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Arts Council England drops arts and culture research specialists The Audience Agency from sector support role, handing new contract for data insights to global consultancy firm PricewaterhouseCoopers.

Arts Council England (ACE) has appointed global consultancy firm PricewaterhouseCoopers (PwC) to gather data on arts and culture audiences, replacing not-for-profit organisation The Audience Agency which has been delivering the work as part of the National Portfolio since 2018.

As a result of the change, PwC will be required to establish a new online data collection and analysis platform and associated support services.

But concerns have been raised about the potential implications of the change for arts and culture organisations.


The Audience Agency began receiving funding from ACE in 2012 to develop Audience Finder - a free national audience development data-sharing comparing programme that combines audience data from cultural organisations with population information drawn from all UK households.

Then it was funded to create a segmentation model - Audience Spectrum - alongside it that gives the sector a common language to talk to each other about audiences.

In 2018, it joined the National Porfolio as a Sector Support Organisation, receiving £750,000 a year to deliver the work.

Over the decade long period of investment, Arts Professional has found no evidence that the contract was not delivering what was required.

New platform

However, the work will no longer be conducted as part of the National Portfolio. A new contract for data insights work was put out for tender in April worth up to £1.6m over the next three years, with ACE this week revealing that PwC has been selected.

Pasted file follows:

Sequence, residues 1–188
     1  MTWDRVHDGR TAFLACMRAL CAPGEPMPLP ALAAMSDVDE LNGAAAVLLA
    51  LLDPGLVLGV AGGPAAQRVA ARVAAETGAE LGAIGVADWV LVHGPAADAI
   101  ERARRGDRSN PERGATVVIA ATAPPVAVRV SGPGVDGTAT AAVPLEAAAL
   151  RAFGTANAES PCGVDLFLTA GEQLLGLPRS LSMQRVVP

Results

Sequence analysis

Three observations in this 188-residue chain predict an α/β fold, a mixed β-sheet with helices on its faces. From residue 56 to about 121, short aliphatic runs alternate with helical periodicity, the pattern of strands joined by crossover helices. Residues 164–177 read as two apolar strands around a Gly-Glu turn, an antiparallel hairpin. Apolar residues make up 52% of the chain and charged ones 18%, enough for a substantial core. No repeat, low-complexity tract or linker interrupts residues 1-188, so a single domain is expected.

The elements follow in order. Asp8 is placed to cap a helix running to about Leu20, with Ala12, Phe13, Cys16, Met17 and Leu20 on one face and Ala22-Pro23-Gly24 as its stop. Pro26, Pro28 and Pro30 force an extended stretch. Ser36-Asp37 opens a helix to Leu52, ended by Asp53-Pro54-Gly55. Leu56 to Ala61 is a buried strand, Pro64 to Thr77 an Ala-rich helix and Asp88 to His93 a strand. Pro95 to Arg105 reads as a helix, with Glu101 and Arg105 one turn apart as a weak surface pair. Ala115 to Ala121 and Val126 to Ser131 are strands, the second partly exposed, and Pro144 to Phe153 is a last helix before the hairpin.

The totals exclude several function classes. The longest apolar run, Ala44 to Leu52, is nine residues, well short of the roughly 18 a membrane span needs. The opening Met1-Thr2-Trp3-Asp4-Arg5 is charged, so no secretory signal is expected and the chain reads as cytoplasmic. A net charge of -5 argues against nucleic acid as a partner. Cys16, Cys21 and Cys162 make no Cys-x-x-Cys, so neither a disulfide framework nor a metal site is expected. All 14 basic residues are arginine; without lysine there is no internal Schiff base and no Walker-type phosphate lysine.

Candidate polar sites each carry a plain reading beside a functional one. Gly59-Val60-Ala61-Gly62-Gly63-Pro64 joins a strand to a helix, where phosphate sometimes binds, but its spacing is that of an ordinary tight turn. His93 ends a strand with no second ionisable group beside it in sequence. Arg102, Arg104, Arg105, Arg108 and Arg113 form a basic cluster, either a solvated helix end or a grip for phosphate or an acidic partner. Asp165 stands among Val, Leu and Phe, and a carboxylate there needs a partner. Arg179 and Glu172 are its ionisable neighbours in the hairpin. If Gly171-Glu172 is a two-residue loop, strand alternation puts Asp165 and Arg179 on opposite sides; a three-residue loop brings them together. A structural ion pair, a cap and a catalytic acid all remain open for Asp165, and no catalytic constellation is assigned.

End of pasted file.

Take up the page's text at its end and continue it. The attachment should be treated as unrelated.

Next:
"PricewaterhouseCoopers will deliver a new audience data collection and insights platform," a section on the ACE website detailing resources for NPOs reads. 

"You will be able to gather audience data through surveys and box office connections, and access meaningful insights about who engages with your activities. Automated functionality and a range of insights will be free to access and there will be resources and support to help you make the most of the tool. 

"To simplify the data you submit to us, some audience and activity-related data currently collected through the Annual Survey will be brought into this platform too. You’ll be able to easily upload this information throughout the year and see your audience-related data in one place."

Serious concerns

A variety of sources have told Arts Professional they have concerns about the change, its implications for the sector, and whether the new platform will be ready by April. They question why a valued, expert and specialist not-for-profit has been deselected in favour of a global consultancy firm.

Roger Tomlinson, a former arts consultant specialising in audience development, and a former trustee of The Audience Agency, told Arts Professional he has a number of concerns about the change.

"Given the long development time to create the Audience Finder set of tools in the first place I am astonished that a commercial bidder who clearly wants to make a margin out of this contract is able to come in and bid and say they can have it up and running by the end of March," he said.

"The new NPOs are all expected to be in a position to ensure that their data can go into such a solution by then.

"I'm also very concerned that The Audience Agency has lost its contract [with ACE] for Audience Finder. I thought the Arts Council was very committed to audience development, developing and extending the character of the audience in relation to diversity, but will now lose a tool that every other country I talk to about is hugely jealous of."

Tomlinson add that he is worried about the risk that a commercial organisation is "interested in this solution for commercial exploitation purposes". 

"Yes, the majority of the data is anonymised in the dataset, but it's still a very powerful segmentation tool and the Market Research Society has told us in the past that it is probably the most powerful segmentation tool if you are trying 'Facebook style' to hone your target marketing for all kinds of commercial products," he said.

'Still here to support'